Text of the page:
Sage. Why sage? It seems like such an odd herb. To me, this herb has just the right about of bite, savoriness, and sharpness to create something magical – see breakfast sausage. Sage is one of the primary flavorings of our breakfast sausage (or at least the way I make it.) Sausage was something that we ate often growing up – Tennessee Country Pride, if I recall the brand correctly. We’d usually go for the mild, but every once in a while we’d accidentally grab one of the hot ones and have quite the surprise at the breakfast table. My dad prepared sausage – and was up earlier than the rest of us, so he made breakfast every morning for us. Sausage and egg days were the best. And then, on the weekend, that same sausage would be crumbled up and made into a cream gravy that would cover our biscuits in a goodness so rich, you’d have to take a mid-morning nap after eating it. Sage’s sharpness would shine through at each stage of that process, providing a lightness to the gravy that might not have been there otherwise.

Banana. And here’s where we take the turn into left field. There is one dessert that will cause me to go out of my way – banana pudding. Call me simple, that’s fine, but even an adequate banana pudding is ambrosia and joy to me. My mother would get a wild hare every once in a while and make these banana puddings, layering pudding with bananas and nilla wafers that I still remember. We’ve always talked about driving over to the Banana Pudding Festival (yes they have one, and it must be a beautiful sight!) near Memphis, but we usually have something else going on that weekend. If you ever go, eat a second helping in my stead. Or, really, whenever you eat banana pudding, go ahead and eat a second helping in my stead… Or better yet, bring me some?

Mint. I love mint. Put it in just about anything and I will be exceedingly happy. My dad and I share this flavor – and it all started for me when I ordered mint chocolate chip ice cream like my dad. My tongue fell in love, and has been adoringly enamored ever since. We both put mint jelly/sauce on our cuts of lamb, and enjoy it in candy bars. To gripe for a second, who at Hershey’s decided that getting rid of the mint chocolate cookie bar over a decade and a half ago was a good idea? No, seriously, and the nasty white chocolate cookie bar survived that purge? Did someone mistake one for the other, because I have been a touch bitter about that ever since – and yes, it was over 15 years ago at this point. I still remember spending the night at my friend Aaron’s house in high school and we would brew tea with fresh mint from his garden. Sure, maybe we were weird, but sweet tea with freshly crushed mint is a delicious treat on any day, especially those hot summer days.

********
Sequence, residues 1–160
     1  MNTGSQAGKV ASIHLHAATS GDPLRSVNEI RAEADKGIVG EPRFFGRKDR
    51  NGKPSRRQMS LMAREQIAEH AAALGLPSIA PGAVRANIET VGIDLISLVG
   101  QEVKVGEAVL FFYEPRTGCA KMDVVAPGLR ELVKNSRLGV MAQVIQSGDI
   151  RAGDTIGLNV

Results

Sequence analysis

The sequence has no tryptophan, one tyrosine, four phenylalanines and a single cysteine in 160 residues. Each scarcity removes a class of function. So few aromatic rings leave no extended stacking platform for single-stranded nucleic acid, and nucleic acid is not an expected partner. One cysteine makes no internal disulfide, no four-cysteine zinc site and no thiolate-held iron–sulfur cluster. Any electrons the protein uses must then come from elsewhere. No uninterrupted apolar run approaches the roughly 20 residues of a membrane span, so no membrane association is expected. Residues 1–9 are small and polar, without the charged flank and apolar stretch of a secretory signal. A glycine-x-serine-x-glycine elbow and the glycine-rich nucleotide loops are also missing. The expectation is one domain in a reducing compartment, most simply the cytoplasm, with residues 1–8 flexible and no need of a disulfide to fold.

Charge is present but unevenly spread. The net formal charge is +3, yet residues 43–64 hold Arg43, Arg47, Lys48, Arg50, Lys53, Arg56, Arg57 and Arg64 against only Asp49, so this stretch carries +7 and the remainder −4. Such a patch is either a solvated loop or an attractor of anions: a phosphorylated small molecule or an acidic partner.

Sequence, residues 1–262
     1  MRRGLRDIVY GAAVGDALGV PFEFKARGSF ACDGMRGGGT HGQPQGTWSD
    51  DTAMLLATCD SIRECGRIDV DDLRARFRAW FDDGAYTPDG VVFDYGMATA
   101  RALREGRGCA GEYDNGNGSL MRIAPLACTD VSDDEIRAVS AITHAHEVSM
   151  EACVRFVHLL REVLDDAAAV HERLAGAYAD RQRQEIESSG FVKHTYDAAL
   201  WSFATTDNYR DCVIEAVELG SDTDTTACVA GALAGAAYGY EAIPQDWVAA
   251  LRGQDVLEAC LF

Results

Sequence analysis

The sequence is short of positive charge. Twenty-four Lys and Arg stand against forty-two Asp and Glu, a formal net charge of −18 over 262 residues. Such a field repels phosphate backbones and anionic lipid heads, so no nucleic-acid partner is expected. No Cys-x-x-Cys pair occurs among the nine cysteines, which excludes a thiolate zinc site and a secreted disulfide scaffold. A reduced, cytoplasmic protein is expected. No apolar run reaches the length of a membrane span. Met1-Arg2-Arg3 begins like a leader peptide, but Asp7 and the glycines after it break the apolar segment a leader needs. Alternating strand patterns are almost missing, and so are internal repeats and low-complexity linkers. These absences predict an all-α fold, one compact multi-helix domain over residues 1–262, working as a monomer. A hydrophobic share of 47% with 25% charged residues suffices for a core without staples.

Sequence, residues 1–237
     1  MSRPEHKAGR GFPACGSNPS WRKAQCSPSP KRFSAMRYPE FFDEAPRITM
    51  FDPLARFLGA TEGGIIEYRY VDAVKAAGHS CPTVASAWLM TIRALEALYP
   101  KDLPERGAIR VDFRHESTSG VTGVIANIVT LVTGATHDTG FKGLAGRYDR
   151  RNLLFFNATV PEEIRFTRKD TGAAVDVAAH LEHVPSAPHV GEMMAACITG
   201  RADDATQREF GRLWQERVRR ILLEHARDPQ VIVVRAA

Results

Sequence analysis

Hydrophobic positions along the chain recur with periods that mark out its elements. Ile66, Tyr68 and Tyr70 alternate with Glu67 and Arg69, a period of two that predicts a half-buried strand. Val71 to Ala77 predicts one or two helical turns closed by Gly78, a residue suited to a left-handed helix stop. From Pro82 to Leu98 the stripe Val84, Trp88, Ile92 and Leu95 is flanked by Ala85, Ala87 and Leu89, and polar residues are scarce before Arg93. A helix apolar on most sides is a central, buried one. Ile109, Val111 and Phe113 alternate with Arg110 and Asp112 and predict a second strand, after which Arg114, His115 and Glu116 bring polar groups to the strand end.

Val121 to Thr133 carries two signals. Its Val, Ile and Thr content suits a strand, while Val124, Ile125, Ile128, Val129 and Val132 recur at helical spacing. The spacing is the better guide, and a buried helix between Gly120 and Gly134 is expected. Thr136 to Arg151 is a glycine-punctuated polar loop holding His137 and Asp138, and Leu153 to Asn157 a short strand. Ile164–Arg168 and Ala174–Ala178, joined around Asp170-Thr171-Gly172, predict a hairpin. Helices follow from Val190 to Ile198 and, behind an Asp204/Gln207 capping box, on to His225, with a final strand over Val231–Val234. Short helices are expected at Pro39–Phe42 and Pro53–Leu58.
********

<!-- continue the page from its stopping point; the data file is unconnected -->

These are just a few of the flavors I love, and that my parents passed on to me. These flavors make up a part of who I am, and are flavors I will hopefully pass on to my kids. See, to my family, food is something to be celebrated and shared… unless it’s unbearably good, and then you stash it and hope no one finds it. Seriously, though, we tend to tell long stories about the meals we’ve eaten, while eating a meal. We reminisce about trips we’ve taken, and the restaurants or snacks we found on the way. My grandfather always said, “All you get is what you wear and what you eat.” And we take the second part of that statement and run with it… right to the kitchen.

Consider that food is important, especially in the Bible, as a way to remember. Don’t forget that God commanded a yearly meal to remember the Jewish family’s story of being rescued by God from slavery in Egypt. Jesus instructed his followers to eat part of that same meal to remember his family’s story of being rescued by God from slavery to sin and death. Food tells a story. What story does your dinner tell your kids?